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Math Help - Complex integration - powers of 100 - getting stuck

  1. #1
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    Complex integration - powers of 100 - getting stuck

    I'm getting stuck while I'm trying to solve a integral.
    \[ \int_0^\infty \frac{1}{x^{100} + 1}\,dx.\]

    What I've got so far:
    Since the integer is even I get:
    \displaystyle \[ \int_0^\infty \frac{1}{x^{100} + 1}\,dx\] = \displaystyle \frac{1}{2} \[ \int_{-\infty}^\infty \frac{1}{x^{100} + 1}\,dx\]

    Using the complex plane. More precise, the area of a half circle in the upper part. of the plane.
    \displaystyle \frac{1}{2} \[ \int_{C_R} \frac{1}{z^{100} + 1}\,dz\] ; C_R = \{<br />
z \in \mathbb{C}| ~ z \leq R \land Im \geq 0<br />
\}

    So now I calculate the roots of the divisor.
    z^{100} + 1 = 0
    z = e^{\frac{i\pi}{100}(1 + 2k)} ; k = 0, 1, 2 ...

    This is where I get stuck. I can find out how many of the roots lies in the upper part of the complex plane.

    Argument-variance to find roots.
    C_2 = the arch going from +R to -R on the real axis.
    C_1 is -R to +R on the real axis.

    C_1 : z^{100} = -1 \neq 0 No roots on the real axis.

    C_2 : R is chosen big enough to include any roots in the half circle. Along the rim?
    z = R e^{i\theta}~; 0 \leq \theta \leq \pi, R \rightarrow \infty
    Arg (z^{100} + 1) = 100\pi - Wich means that there are  \frac{100\pi}{2\pi} = 50 roots in my area.

    This is about it, I don't know how to get further on this one. If anyone could wave their magic wand over it. That would really make my weekend.

    Cheers!
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  2. #2
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    Quote Originally Posted by liquidFuzz View Post
    I'm getting stuck while I'm trying to solve a integral.
    \[ \int_0^\infty \frac{1}{x^{100} + 1}\,dx.\]

    What I've got so far:
    Since the integer is even I get:
    \displaystyle \[ \int_0^\infty \frac{1}{x^{100} + 1}\,dx\] = \displaystyle \frac{1}{2} \[ \int_{-\infty}^\infty \frac{1}{x^{100} + 1}\,dx\]

    Using the complex plane. More precise, the area of a half circle in the upper part. of the plane.
    \displaystyle \frac{1}{2} \[ \int_{C_R} \frac{1}{z^{100} + 1}\,dz\] ; C_R = \{<br />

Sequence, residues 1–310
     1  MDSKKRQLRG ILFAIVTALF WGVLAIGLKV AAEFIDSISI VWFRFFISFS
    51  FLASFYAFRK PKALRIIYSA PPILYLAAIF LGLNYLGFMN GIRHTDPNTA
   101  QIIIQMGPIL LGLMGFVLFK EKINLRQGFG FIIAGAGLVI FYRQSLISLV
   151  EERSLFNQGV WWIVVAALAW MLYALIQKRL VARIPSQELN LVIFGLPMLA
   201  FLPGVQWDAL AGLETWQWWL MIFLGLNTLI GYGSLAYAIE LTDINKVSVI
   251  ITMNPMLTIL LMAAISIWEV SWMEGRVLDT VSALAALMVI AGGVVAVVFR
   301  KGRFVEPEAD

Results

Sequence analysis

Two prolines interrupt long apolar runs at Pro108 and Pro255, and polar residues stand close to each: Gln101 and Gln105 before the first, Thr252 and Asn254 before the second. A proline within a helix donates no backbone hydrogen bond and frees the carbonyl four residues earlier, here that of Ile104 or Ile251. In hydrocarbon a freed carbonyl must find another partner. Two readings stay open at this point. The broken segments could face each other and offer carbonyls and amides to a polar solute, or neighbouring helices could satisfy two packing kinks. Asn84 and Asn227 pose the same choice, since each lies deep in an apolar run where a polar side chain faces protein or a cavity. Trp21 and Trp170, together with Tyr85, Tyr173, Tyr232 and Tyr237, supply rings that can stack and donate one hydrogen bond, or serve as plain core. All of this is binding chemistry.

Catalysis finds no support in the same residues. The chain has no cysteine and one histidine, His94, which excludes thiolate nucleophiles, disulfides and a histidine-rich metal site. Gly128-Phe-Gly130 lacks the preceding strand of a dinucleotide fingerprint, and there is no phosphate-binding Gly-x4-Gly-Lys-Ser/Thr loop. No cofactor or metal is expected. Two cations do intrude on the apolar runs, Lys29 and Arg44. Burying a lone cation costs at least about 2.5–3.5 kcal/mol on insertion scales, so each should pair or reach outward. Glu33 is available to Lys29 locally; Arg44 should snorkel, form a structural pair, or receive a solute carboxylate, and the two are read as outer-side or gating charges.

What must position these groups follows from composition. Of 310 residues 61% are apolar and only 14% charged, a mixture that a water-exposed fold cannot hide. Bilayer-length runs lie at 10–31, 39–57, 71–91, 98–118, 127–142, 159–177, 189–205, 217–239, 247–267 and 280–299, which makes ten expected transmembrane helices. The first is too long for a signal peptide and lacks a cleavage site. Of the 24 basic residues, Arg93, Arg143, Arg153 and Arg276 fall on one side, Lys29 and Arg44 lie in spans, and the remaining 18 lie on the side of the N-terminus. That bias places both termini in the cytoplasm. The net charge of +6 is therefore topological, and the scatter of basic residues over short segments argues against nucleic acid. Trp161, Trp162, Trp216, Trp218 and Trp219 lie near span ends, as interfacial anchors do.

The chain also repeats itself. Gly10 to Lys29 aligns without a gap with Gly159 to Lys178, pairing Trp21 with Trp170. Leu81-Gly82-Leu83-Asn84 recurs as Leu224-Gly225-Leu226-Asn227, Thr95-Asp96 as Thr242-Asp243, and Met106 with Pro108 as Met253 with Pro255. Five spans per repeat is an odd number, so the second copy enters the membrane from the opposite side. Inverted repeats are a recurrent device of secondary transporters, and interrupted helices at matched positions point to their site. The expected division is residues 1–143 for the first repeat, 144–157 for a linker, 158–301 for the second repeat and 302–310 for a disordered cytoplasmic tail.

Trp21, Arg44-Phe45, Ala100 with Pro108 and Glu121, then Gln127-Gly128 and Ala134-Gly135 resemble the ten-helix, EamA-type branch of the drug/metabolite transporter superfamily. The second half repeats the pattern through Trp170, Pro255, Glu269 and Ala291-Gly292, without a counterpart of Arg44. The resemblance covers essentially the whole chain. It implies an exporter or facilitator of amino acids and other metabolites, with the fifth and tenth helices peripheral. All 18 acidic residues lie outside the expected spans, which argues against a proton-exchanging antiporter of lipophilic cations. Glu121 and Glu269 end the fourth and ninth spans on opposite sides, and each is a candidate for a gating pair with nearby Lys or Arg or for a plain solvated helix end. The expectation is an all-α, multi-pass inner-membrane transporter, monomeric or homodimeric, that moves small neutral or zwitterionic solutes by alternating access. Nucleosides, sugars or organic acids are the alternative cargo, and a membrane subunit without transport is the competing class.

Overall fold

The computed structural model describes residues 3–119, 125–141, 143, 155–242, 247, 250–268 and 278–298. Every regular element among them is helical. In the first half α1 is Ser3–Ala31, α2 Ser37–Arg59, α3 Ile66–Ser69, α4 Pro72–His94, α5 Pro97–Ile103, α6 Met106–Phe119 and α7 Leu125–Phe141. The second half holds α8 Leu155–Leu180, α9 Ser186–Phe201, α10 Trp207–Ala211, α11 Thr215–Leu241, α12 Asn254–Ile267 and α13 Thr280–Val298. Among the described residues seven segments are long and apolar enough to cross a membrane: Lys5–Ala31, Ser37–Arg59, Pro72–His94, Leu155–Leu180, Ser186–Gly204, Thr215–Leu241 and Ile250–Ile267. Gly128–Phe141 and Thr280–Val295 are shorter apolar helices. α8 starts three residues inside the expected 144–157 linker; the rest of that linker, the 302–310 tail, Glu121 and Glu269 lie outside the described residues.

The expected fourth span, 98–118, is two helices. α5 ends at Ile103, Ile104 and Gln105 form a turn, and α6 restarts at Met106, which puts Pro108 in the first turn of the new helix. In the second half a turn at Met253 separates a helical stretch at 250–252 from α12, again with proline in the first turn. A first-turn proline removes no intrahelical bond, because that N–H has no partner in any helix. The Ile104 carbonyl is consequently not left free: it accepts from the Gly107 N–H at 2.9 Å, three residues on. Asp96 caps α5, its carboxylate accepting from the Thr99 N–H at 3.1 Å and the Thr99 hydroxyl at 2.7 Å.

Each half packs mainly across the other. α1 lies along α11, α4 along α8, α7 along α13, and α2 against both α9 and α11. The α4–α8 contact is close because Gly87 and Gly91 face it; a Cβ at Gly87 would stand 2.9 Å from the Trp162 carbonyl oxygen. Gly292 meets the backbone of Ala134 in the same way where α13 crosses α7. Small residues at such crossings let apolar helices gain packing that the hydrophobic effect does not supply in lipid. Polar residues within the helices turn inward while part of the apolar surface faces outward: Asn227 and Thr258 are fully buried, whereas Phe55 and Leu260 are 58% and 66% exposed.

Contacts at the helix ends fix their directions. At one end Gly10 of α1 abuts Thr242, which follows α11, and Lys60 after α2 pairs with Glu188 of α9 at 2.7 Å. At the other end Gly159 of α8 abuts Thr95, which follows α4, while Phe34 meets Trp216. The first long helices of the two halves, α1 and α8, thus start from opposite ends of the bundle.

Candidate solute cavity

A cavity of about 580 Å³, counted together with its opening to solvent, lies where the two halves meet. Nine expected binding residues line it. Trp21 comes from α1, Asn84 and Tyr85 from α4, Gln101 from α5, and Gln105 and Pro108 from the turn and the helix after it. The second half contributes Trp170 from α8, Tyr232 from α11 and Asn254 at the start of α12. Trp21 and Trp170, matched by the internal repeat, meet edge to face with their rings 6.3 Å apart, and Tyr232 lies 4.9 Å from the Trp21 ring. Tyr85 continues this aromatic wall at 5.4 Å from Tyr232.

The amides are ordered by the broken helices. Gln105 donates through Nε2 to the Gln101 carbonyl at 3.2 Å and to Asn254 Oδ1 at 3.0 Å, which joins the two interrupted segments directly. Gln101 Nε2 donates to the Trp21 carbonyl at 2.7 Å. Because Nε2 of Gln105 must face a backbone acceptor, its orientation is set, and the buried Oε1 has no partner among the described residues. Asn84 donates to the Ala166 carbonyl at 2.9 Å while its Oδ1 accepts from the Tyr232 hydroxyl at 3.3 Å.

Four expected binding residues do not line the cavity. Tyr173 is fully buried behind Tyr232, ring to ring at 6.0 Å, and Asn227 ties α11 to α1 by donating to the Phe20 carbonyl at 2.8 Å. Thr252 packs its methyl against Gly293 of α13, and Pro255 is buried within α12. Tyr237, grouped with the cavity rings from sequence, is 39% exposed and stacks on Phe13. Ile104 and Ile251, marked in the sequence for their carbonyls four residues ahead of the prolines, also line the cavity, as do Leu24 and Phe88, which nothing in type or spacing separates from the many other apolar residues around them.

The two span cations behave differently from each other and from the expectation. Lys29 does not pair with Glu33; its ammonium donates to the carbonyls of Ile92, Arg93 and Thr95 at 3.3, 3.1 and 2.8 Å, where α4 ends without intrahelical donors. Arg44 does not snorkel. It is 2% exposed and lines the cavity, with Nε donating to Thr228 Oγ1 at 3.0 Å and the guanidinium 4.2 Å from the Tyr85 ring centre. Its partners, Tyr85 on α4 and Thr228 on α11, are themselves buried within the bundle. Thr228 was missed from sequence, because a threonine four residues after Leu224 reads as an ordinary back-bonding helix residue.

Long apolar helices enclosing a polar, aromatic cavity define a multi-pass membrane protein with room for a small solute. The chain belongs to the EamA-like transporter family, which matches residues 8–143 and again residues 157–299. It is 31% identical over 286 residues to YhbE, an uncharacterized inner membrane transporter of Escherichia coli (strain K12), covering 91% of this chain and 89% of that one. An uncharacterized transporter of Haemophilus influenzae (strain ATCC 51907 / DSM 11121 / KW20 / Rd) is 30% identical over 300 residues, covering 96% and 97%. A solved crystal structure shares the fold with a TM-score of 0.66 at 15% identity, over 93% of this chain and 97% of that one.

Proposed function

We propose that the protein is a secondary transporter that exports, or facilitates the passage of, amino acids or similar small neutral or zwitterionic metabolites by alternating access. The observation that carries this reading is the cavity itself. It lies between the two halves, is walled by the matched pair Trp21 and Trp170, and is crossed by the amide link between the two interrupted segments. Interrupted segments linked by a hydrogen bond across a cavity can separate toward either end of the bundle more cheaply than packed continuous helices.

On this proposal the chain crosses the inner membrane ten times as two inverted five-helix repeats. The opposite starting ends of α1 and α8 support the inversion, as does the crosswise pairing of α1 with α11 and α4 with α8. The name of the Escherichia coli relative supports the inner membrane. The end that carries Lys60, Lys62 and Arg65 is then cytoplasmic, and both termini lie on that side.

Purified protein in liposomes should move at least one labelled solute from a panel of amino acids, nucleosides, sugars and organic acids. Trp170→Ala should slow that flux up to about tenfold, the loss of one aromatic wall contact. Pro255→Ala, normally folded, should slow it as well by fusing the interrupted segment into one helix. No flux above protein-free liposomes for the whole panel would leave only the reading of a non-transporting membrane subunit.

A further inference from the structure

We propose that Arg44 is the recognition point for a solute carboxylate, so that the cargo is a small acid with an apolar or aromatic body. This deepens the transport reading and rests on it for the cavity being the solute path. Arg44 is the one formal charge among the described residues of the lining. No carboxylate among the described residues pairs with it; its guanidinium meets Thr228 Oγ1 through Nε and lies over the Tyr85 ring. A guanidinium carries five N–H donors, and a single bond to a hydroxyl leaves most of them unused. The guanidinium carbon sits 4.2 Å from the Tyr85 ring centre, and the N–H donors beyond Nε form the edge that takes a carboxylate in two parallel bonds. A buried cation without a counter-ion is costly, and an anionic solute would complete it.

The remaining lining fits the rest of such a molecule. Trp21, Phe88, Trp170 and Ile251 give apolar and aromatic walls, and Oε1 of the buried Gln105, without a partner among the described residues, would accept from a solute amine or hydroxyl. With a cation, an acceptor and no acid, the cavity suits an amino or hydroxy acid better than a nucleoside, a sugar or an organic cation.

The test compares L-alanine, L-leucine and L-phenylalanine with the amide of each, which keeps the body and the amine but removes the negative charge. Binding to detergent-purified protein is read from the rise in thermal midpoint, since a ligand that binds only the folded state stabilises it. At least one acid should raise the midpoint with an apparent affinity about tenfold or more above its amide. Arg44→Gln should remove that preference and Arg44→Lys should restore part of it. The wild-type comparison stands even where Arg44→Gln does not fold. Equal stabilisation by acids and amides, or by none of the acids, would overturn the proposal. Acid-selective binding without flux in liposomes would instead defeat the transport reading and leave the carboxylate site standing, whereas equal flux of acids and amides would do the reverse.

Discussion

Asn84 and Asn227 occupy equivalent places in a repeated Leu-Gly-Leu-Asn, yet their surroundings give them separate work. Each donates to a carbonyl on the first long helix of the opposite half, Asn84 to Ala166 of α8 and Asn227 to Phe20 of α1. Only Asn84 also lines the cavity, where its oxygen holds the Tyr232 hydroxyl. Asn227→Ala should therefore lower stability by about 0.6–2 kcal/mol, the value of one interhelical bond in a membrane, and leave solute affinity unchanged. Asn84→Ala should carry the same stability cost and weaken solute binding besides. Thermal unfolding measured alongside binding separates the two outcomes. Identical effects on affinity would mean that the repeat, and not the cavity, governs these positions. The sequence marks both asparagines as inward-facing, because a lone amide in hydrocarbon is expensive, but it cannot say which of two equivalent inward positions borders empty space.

z \in \mathbb{C}| ~ z \leq R \land Im \geq 0<br />
\}

    So now I calculate the roots of the divisor.
    z^{100} + 1 = 0
    z = e^{\frac{i\pi}{100}(1 + 2k)} ; k = 0, 1, 2 ...

    This is where I get stuck. I can find out how many of the roots lies in the upper part of the complex plane.


    As many as their imaginary part is positive:

    So, Im\left(e^{\frac{i\pi}{100}(1 + 2k)}\right)>0\Longleftrightarrow \sin\frac{(1+2k)\pi}{100}>0\Longleftrightarrow 0<\frac{(1+2k)\pi}{100}<\pi ...and we get an easy inequality.

    Tonio



    Argument-variance to find roots.
    C_2 = the arch going from +R to -R on the real axis.
    C_1 is -R to +R on the real axis.

    C_1 : z^{100} = -1 \neq 0 No roots on the real axis.

    C_2 : R is chosen big enough to include any roots in the half circle. Along the rim?
    z = R e^{i\theta}~; 0 \leq \theta \leq \pi, R \rightarrow \infty
    Arg (z^{100} + 1) = 100\pi - Wich means that there are  \frac{100\pi}{2\pi} = 50 roots in my area.

    This is about it, I don't know how to get further on this one. If anyone could wave their magic wand over it. That would really make my weekend.

    Cheers!
    .
    Follow Math Help Forum on Facebook and Google+

  3. #3
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    Sep 2010
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    Mhmm... I don't quite follow you.

    \frac{(1+2k)\pi}{100} < \pi Do you mean that you use the fact k = 0, 1, 2 ... 49 in the expression you end up in, since there's 50 roots in the area?
    k = 0 : \frac{\pi}{100} all the way up to k= 49 : \frac{99\pi}{100} equals 'not quite' \pi

    How is that usable while solving this?
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